A December 27, 2004 unclassified cable from the U.S. Embassy at the Vatican contained contact information for figures in the Vatican government. It included numbers for the papal office and residence and for the residence of then-Secretary of State Cardinal Angelo Sodano.
The number for the papal office reaches the Prefecture of the Pontifical Household, the office which maintains the Apostolic Palace and organizes events such as the general audiences. The phone number listed for the papal residence is in fact a direct line only to the Vatican’s telephone operators, who are religious sisters.
The 2004 phone number for Cardinal Sodano’s residence is still the same and a call to it reaches his secretary. He resigned as Secretariat of State in 2006 and is now Dean of the Colleges of Cardinals.
The BBC noted the release of the telephone numbers of “key figures at the Vatican” in a Sept. 2 report on worries the WikiLeaks cables could put sources at risk. However, the Vatican’s telephone directory lists the phone numbers of the same offices and residences. The directory can be purchased in a bookstore near St. Peter’s Square.
The State Department cable also listed the residences of then-Secretary for Relations with States Archbishop Giovanni Lajolo and then-Substitute for General Affairs Archbishop Leonardo Sandri.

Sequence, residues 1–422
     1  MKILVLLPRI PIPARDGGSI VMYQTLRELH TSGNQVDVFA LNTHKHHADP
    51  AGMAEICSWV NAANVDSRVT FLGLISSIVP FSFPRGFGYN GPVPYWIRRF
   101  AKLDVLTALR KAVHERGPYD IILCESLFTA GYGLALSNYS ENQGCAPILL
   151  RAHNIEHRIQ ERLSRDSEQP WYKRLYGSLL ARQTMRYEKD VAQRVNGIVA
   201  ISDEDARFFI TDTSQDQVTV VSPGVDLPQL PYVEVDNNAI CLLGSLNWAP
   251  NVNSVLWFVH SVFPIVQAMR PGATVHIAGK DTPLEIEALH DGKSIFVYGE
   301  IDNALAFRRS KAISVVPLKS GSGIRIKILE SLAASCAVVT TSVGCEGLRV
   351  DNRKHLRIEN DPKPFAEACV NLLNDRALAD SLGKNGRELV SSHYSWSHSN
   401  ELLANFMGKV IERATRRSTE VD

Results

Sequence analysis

Their home numbers have since changed. Calls made to their offices listed in the WikiLeaks cable go directly to a receptionist at the Secretariat of State.
WikiLeaks’ founder Julian Assange decided to release over 250,000 State Department cables in unredacted form on Aug. 30 after a journalist for the British newspaper The Guardian—a WikiLeaks media partner—published the password to the cables in his book. Previously, the watchdog organization and its major media partners had been redacting names of sensitive U.S. personnel and contacts.
According to The Guardian, the archive contained several thousand files marked “strictly protect”—an indication that U.S. officials thought sources could be endangered if the information was public.
Some files also name victims of sex offenses, victims of government persecution and the locations of sensitive government installations.
The Guardian, El Pais, New York Times and Der Spiegel in a joint statement said they “deplore” the decision to publish the unredacted cables.
"We cannot defend the needless publication of the complete data - indeed, we are united in condemning it,” the WikiLeaks partners said.
A December 2010 CNA analysis of preliminary cable data found that more than 800 involved the Vatican. Many of the cables concerned human rights and religious freedom issues, while more than 50 involved intelligence issues and another five involved national security concerns.
WikiLeaks has since released other diplomatic cables about the Catholic Church in countries like Cuba, Vietnam and Venezuela.